Rio Paralympics Stages Closing Ceremony (SEE PHOTOS)

Rio said farewell to the Paralympics Sunday in a closing ceremony showcasing Brazil’s love for music and celebrating what many consider to have been a surprisingly successful Games.

Dancers perform during the closing ceremony of the Rio 2016 Paralympic Games at the Maracana stadium in Rio de Janeiro on September 18, 2016. / AFP PHOTO / Yasuyoshi Chiba

The famous Maracana football stadium was packed, with the Paralympians themselves seated across the field, as proceedings kicked off with fireworks.

Among the first performers was Jonathan Bastos, a Brazilian who was born without arms but has became an accomplished musician, playing instruments with his feet. Then it was Ricardinho, star of Brazil’s gold medal winning five-a-side Paralympic football team, who brought out the national flag.

Volunteers dance with a performer during the closing ceremony of the Rio 2016 Paralympic Games at the Maracana stadium in Rio de Janeiro on September 18, 2016.  / AFP PHOTO / Yasuyoshi Chiba

Later, a minute of silence was to be held for Iranian cyclist Bahman Golbarnezhad, who died Saturday in a crash during the road race.

Eleven days of competition where China dominated the medals table, followed by Britain, Ukraine and the United States, ended earlier Sunday with the last few events, including marathons and wheelchair rugby.

Athletes celebrate during the closing ceremony of the Rio 2016 Paralympic Games at the Maracana stadium in Rio de Janeiro on September 18, 2016. / AFP PHOTO / Yasuyoshi Chiba

Organizers said they had pulled off an against-the-odds success in the Rio de Janeiro Games.

“Mission accomplished,” said Carlos Nuzman, president of the Rio Olympic and Paralympic organizing committee.

Referring to the political instability and deep recession weighing down Brazil as it put on South America’s first Olympics in August and then the Paralympics, he conceded that it had been “a mission of many doubts.”

Rio de Janeiro Mayor Eduardo Paes (L), President of the International Paralympic Committee Sir Philip Craven (C) and Tokyo Governor Yuriko Koike (R) celebrate during the closing ceremony of the Rio 2016 Paralympic Games at the Maracana stadium in Rio de Janeiro on September 18, 2016. / AFP PHOTO / Yasuyoshi Chiba

Philip Craven, the International Paralympic Committee president, said the cyclist’s death “cast a dark shadow” but that overall “Rio 2016 will be remembered as a successful Paralympic Games and a Games that surprised many.”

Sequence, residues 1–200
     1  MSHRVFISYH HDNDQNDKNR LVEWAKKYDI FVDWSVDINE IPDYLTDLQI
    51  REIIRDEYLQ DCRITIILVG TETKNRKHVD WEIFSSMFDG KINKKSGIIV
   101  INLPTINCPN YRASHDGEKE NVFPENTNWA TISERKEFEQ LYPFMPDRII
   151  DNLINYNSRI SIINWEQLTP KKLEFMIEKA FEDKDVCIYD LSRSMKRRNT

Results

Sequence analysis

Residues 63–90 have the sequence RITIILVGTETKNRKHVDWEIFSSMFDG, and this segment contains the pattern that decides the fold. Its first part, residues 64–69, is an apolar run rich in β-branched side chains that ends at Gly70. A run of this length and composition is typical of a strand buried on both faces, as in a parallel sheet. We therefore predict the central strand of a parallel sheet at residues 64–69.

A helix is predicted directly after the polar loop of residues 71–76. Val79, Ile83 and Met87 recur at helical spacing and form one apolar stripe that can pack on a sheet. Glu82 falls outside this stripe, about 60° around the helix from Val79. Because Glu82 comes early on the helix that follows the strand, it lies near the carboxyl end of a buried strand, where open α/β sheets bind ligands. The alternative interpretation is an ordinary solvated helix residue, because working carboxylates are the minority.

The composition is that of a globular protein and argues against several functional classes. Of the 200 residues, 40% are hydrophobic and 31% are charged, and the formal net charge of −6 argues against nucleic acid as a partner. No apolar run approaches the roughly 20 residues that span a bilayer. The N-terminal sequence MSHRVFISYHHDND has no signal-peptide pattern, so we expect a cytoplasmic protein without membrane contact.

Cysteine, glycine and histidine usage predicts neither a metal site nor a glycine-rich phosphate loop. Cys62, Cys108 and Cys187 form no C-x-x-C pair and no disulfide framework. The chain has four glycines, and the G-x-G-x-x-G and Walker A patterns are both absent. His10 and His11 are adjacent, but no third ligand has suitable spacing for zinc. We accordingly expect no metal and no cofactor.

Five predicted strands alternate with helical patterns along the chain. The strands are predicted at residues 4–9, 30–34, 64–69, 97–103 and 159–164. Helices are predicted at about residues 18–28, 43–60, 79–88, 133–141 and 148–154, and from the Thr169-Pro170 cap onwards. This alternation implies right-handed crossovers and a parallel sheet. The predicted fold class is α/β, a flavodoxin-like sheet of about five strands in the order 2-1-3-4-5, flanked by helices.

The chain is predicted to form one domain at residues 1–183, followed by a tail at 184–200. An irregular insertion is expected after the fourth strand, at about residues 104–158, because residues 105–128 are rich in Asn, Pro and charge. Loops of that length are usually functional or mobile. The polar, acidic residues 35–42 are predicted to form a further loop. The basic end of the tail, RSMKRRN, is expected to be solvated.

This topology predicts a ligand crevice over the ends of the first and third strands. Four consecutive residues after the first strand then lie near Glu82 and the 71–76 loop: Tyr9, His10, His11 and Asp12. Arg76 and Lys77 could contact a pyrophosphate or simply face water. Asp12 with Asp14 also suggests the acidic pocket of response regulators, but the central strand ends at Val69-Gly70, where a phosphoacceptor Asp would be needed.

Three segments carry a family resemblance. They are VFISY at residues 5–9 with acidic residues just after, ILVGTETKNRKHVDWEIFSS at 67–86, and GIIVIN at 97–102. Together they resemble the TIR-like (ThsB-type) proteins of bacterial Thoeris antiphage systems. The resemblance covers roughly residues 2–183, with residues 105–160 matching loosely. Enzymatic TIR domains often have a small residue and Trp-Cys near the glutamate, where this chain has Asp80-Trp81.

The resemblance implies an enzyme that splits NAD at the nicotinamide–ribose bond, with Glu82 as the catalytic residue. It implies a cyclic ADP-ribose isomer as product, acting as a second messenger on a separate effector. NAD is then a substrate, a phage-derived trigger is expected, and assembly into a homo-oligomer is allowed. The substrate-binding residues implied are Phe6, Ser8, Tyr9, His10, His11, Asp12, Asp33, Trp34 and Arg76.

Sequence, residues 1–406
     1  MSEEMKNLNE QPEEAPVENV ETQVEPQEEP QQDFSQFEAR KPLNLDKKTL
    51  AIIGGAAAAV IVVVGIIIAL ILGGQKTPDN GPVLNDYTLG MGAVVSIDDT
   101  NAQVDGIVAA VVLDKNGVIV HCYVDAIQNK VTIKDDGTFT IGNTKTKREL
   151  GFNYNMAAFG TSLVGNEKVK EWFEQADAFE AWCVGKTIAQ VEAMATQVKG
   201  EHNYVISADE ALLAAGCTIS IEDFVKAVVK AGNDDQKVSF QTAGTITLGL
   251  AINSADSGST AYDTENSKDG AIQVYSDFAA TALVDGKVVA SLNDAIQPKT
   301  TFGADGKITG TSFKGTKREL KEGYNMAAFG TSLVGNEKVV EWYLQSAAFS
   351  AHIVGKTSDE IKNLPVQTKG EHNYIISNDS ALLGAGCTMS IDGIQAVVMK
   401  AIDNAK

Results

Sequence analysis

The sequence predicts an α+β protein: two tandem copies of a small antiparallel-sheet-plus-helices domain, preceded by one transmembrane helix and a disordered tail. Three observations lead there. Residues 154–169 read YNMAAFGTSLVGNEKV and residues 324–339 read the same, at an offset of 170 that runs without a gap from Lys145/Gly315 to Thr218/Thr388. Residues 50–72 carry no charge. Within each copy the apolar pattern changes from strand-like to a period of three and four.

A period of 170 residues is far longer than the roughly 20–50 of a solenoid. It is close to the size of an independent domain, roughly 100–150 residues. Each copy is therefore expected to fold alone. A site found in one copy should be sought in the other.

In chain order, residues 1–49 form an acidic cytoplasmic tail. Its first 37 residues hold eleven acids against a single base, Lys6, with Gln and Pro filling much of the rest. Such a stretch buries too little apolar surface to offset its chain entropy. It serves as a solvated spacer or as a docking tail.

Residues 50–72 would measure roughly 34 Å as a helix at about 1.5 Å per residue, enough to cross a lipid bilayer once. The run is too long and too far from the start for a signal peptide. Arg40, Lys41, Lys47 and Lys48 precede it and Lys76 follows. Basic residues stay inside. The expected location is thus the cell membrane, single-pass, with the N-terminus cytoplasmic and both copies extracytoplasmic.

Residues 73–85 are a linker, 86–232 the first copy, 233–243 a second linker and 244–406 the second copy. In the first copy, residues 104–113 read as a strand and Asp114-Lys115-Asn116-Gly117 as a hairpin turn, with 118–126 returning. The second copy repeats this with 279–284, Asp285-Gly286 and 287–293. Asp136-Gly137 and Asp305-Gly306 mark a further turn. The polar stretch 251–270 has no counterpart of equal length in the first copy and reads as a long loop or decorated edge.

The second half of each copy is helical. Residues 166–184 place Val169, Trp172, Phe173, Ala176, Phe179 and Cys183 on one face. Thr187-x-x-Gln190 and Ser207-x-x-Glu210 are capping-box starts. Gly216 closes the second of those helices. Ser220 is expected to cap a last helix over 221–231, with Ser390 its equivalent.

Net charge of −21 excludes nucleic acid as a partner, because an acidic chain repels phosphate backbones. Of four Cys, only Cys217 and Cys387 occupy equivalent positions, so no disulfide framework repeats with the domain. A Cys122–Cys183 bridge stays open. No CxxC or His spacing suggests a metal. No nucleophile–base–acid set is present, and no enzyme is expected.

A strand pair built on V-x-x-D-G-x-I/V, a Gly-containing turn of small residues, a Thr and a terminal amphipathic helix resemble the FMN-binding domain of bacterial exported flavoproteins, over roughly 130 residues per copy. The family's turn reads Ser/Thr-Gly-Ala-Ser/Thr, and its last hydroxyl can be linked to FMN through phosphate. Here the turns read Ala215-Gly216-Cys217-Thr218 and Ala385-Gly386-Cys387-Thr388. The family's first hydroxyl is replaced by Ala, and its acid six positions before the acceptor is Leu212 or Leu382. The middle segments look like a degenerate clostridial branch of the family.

Koichi Omae and four female dancers are joined on stage by GIMICO, Aya Sato, Bambi and Akira Hiyama as a sign saying "see you in Tokyo" appears behind the performers during the closing ceremony of the Rio 2016 Paralympic Games at the Maracana Stadium in Rio de Janeiro, Brazil on September 18, 2016. Handout photo by Simon Bruty for OIS/IOC via AFP. RESTRICTED TO EDITORIAL USE. / AFP PHOTO / Simon Bruty for OIS/IOC / RESTRICTED TO EDITORIAL USE.

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Erdogan Stages Mass Rally In Show Of Strength After Coup Attempt

President Tayyip Erdogan has told a rally of millions of people in Turkey that the failed July coup would be a milestone in building a stronger Turkey and defying the Western criticism of mass purges.

He also vowed to destroy those behind the putsch.

The “Democracy and Martyrs’ Rally” at the Yenikapi parade ground, built into the sea on the southern edge of Istanbul, was a show of strength by Erdogan.

He was angered by European criticism of his combative response to the coup and by U.S. reluctance to hand over the man he accuses of masterminding it.

Banners in a sea of red Turkish flags read “You are a gift from God, Erdogan” and “Order us to die and we will do it”.

It was the first time in decades that opposition leaders joined a rally in support of the government, with pockets of secularists, nationalists and others alongside his core Islamist supporters.

He said that the July 15 abortive coup, draw parallels to times past when Turkey was occupied by foreign forces.

“That night, our enemies who were rubbing their hands in anticipation of Turkey’s downfall woke up the next morning to the grief that things would be more difficult from now on.

“From now on, we will examine very carefully who we have under us.

“We will see who we have in the military, who we have in the judiciary, and throw the others out of the door,’’ Erdogan said.

The report said that the parade ground, built to hold more than a million people, was overflowed, with the streets of surrounding neighborhoods clogged by crowds.

It said that one presidency official put the numbers at around five million and the event was broadcast live on public screens at smaller rallies across Turkey’s 81 provinces.